|Associate Professor in the Department of Physics||257||+44 (0) 191 33 43598|
|Associate Professor in the Centre for Materials Physics||257||+44 (0) 191 33 43598|
|Member of the Biophysical Sciences Institute|
|Associate Fellow in the Institute of Advanced Study|
I finished my undergraduate studies in Biophysics at the University of Sofia, Bulgaria. Shortly after, I went to Germany on a DAAD fellowship to do my PhD with Prof. J. Gimsa at the University of Rostock, where I graduated in 2006. During that time I studied theoretically the interaction of high frequency electromagnetic fields with cellular media, and in particular with lipid membranes. As a postdoc in the group of Dr. R. Dimova at the Max Planck Institute of Colloids and Interfaces (Germany) I switched to an experimental project on the electro-manipulation of lipid vesicles. In 2009, I moved to Princeton University to the Complex Fluid Group of Prof. Howard A. Stone, where I laid the foundation of my current research on the biophysics of biological membranes. Since October 2013 I am working as a lecturer in the departments of Physics and Chemistry at Durham University.
- Biological membranes
- Functional interfaces
- Living materials
This objectives of the group are to understand the functional principles of biological membranes and capture them in artificially designed smart interfaces. We use engineering approaches and optical tools for quantitative measurements. We are part of the Biophysical Sciences Institute and the Durham Center for Soft Matter.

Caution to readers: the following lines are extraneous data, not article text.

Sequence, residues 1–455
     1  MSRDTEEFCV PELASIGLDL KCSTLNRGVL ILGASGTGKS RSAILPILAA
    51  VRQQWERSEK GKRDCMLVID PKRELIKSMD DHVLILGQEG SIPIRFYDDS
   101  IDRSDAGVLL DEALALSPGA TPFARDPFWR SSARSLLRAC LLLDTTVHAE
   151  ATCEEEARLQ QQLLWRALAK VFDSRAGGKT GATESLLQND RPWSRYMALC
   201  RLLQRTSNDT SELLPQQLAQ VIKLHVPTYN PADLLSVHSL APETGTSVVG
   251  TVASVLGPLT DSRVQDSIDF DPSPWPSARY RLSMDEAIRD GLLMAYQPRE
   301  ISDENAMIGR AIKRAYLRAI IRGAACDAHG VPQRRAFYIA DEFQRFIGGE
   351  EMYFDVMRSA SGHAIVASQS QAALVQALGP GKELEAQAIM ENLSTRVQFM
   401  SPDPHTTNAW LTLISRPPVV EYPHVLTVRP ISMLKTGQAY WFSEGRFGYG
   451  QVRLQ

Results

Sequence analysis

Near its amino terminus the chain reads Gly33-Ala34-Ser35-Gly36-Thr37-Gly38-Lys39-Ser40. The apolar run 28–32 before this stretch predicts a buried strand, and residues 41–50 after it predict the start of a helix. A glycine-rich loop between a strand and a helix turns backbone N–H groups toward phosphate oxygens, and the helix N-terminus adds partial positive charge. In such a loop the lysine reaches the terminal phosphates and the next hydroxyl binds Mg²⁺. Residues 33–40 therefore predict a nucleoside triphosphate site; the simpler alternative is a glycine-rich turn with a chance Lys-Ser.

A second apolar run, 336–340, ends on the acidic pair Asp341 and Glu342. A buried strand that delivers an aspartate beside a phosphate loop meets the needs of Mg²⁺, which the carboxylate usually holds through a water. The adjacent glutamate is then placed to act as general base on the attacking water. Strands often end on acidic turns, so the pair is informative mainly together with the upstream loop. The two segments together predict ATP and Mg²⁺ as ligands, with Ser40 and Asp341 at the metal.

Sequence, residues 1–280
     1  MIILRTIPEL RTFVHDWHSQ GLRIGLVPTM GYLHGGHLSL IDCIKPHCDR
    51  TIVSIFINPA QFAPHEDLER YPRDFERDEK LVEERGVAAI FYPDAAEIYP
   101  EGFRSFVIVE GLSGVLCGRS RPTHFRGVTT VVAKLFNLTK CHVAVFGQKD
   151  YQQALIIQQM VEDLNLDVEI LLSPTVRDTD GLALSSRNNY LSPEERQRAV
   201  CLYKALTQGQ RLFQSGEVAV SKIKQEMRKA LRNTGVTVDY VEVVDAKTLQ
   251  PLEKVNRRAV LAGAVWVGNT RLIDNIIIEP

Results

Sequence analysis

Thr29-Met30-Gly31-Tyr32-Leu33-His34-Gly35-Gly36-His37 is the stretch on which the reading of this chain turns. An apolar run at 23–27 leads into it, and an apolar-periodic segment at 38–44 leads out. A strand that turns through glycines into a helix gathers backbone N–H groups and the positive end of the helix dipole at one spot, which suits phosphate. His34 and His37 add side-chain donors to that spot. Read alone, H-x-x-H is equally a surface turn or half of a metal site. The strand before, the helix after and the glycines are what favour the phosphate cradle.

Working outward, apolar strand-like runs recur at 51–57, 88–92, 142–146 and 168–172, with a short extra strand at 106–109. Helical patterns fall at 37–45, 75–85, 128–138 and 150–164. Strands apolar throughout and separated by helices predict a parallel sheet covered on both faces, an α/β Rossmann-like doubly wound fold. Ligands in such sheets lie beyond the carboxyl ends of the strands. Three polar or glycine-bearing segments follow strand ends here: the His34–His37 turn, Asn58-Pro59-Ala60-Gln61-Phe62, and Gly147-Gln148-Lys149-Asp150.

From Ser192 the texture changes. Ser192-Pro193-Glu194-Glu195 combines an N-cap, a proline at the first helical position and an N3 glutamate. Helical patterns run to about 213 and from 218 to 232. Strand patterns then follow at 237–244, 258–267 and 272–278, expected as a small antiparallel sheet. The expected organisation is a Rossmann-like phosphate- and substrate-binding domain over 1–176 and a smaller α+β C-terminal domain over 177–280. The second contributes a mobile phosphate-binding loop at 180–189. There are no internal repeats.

Currently our efforts are focused on elucidating the mechano-sensitive architecture and composition of the cell interface.
Cell interface- the crosstalk between structures
The cell interface is a multilayered ensemble, with the plasma membrane in the middle, the contractile actin cortex on the inner side, and an extracellular matrix or a cell wall, on the outer side. In this project we study how the coupling between these structurally and mechanically different layers shape the surface functionality of cells. For example, we were recently able to demonstrate that a lipid membrane coupled to an elastic substrate expels or absorbs reversibly lipid protrusions in response to changes in the substrate area, providing us with mechanical insights on how cells regulate their surface area (see Staykova et al., PRL13 and PNAS11- see picture on the right). Our goal is to build a realistic model of the cell interface, which explains the wrinkling, buckling, budding, tubulation and other vital forms of membrane deformation.
Molecular principles of membrane mechano-transductuion
It becomes apparent that the surface tension of biological membranes is a key regulator of numerous physiological processes in cells, like membrane traffic, cell motility, surface area regulation, etc. Tension arises from physical stresses both internal (from the cytoskeleton) and external acting on the membrane, and also from biochemically induced stresses from the binding of proteins or the insertion of small molecules into the membranes.
To understand the mechano-sensitivity of biological membranes we engineer devices that would allow us to apply well-defined mechanical stresses to model membranes of particular composition. Our goal is to relate the large-scale membrane deformations to changes on the molecular level, i.e. lipid packing, polysaccharide conformation, molecular adhesion and insertion.
- Centre for Materials Physics
- Condensed Matter Physics
- Experimental Soft Matter
- Soft Matter and Interfaces
- 2017: Development of microfluidic technologies to study the behaviour of healthy and diseased red blood cells and their precursors(£13409.35 from )
- 2017: Mechanics of the Cell Interface(£100328.00 from Engineering and Physical Sciences Research Council)
- 2016: Learning from Biology to design stimuli-responsive capsules(£37829.20 from Mondelez International)
Chapter in book